** Stalls will be setup for vendors selling technology-art based
wares (art books, artist-made mouse pads, digital prints, etcS)
including booths and info from local University art/tech graduate
programs, book stores, theater spaces, arts organizations and more!
** The technology swap meet invites visitors to drop off their old or
outdated equipment (such as old synthesizers, hard drives, computers,
monitors, amplifiers, gadgets) and trade them with other participants.
** The all-day open workshop space featuring a "SCRAPYARD MIDI
CHALLENGE"that will allow festival attendees to create projects and
participate in short visiting artist-led workshops using minimal or
found objects and basic electronics.
DATA:BASE is supported by The Digital Hub (www.thedigitalhub.com),
Critical Voices (www.artscouncil.ie), Dublin Art and Technology
Association (www.coin-operated.com/data), DarkLight Digital Festival
(www.darklight-filmfestival.com), Media Lab Europe (www.mle.ie), and
Sink Digital Media (www.sink.ie)
What: Interactive Experiments- an evening event with performances by
Boredom Research, Del 9, Ambulance, Double Adaptor, and more, also
screenings, and installations to culminate the day's activities.
When: Saturday evening April 26, 2003 (7pm - 10pm)
Where: Digital Hub Cash and Carry warehouse space in Dublin's Digital
Hub, Thomas Street, Dublin 8.
Cost: 5 Euro @ door (register on website)
DATA:BASE invites producers, authors, students, filmmakers,
artists, designers, hackers, hackers, DJs, animators, lawyers, journalists,
musicians, media moguls, net addicts, coders and any other interested
parties to attend this one day event
Seating is limited so early registration is essential.
To register: http://www.coin-operated.com/database
Please send any queries regarding this to
All press queries to Sarah Ross: email@example.com
feel free to post it to sites, groups etc.
Call for Projects for Exhibition of Digital technology projects in The
Digital Hub Project Office , 10 - 13 Thomas Street .
In December 2002, The Digital Hub launched the first in its series of
exhibitions showcasing digital technology in its new project office on
During 2003 The Digital Hub will continue to exhibit work that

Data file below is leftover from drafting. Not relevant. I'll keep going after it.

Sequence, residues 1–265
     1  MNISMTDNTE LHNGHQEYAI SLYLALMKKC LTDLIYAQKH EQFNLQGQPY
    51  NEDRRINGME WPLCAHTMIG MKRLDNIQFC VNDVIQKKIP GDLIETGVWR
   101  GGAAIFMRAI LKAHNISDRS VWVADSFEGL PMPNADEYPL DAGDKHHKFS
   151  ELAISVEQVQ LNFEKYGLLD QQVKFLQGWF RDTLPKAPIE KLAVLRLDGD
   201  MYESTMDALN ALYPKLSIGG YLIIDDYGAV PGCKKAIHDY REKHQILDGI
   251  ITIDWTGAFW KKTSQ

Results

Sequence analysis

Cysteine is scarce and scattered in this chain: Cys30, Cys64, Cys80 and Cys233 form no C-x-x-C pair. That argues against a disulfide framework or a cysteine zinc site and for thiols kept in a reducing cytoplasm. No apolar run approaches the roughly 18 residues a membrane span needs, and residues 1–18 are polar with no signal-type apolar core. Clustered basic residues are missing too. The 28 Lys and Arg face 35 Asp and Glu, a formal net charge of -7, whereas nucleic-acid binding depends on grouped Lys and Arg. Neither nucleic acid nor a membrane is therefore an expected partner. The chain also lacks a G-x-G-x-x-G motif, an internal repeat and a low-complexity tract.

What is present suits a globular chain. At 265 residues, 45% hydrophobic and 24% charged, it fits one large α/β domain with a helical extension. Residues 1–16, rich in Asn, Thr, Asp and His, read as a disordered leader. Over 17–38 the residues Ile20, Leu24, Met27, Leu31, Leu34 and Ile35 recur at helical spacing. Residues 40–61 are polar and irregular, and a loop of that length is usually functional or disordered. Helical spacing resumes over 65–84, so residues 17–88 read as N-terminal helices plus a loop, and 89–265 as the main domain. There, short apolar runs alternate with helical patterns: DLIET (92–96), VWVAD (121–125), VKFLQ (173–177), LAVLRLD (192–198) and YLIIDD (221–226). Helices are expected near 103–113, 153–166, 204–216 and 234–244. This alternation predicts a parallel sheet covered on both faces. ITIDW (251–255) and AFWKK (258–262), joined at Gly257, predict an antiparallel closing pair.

demonstrates and explores the creative potential of digital technologies
on an ongoing basis. These exhibitions will provide a unique platform
for newcomers and established artists, filmmakers, designers,
programmers, developers and musicians, animators from many diverse
backgrounds to exhibit their work.
The second exhibition in the series, 'Mobilise', aims to publicise the
creative potential of personal telecommunications of all shapes and
forms. We are looking for innovative content for mobile- or location
aware- computing platforms e.g. distributed role playing games, location
aware art applications.
-SMS, PDA, GPS, GPRS, Wi-Fi, Games, Gadgets, Graffiti for your phones...
>From SMS poetry, phone photography/video, to innovative or conceptual
designs for next generation mobile devices. Films, adverts and
animations made using mobile technologies or themed around personal
communications issues to music featuring telecommunications samples or
mobile collaboration- All could potentially feature in 'Mobilise'.
We are inviting submissions from various disciplines including but not
exclusively all fine art practice, computer generated images,
interactive media, web art, film: both linear and interactive,
animation, special effects, music, sound, design: graphic, fashion, or
product, motion graphics, commercial production, gaming, e-learning,
m-learning, advertising, enabling technologies, mobile technologies, web
development and computer programming.
We are also looking for submissions for video installations to be shown
at the 'Projected Windows' site, No. 157 Thomas St. Dublin. Ireland.
For more information on this site please check our website
Submissions can come from persons and organisations based in Ireland or
The final exhibits will be chosen by a selection panel and those that
are chosen to exhibit will be awarded an honorarium of EUR1,000. This
initiative is been supported by Diageo Ireland under the Liberties
Learning Initiative. Should the fee be waived it will be donated to the